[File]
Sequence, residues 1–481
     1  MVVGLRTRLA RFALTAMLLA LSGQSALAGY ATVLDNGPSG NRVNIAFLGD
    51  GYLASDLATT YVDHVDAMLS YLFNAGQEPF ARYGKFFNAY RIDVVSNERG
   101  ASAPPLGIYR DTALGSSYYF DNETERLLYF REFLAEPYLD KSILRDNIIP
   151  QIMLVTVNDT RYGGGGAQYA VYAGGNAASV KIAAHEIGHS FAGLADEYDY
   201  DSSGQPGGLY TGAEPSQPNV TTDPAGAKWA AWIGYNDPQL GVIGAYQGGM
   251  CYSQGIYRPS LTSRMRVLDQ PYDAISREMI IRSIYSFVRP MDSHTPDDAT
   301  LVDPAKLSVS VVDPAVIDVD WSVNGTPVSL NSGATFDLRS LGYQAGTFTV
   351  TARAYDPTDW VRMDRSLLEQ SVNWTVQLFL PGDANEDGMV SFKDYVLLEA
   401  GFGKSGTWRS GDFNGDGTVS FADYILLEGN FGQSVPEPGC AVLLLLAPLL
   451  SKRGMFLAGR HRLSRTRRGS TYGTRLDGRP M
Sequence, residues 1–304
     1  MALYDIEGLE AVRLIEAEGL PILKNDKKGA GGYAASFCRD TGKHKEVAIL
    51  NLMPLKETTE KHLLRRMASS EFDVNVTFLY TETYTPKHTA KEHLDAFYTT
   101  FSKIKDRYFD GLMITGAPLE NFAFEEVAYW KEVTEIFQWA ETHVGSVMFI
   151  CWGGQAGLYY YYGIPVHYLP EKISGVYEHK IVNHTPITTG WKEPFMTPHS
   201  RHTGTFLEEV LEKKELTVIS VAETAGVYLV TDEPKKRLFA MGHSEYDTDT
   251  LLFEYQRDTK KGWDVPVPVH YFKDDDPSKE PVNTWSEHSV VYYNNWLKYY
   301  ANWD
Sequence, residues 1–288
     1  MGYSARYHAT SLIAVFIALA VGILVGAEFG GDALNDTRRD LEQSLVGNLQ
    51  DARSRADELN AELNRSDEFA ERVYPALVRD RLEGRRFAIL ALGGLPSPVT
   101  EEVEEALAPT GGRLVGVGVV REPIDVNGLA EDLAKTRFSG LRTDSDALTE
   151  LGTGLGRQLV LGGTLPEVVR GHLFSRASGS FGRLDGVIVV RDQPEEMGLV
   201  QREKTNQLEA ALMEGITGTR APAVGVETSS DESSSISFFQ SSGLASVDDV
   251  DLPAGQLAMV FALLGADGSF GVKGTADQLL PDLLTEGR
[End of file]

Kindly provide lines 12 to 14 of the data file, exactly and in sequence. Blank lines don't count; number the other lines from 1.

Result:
Sequence, residues 1–304
     1  MALYDIEGLE AVRLIEAEGL PILKNDKKGA GGYAASFCRD TGKHKEVAIL
    51  NLMPLKETTE KHLLRRMASS EFDVNVTFLY TETYTPKHTA KEHLDAFYTT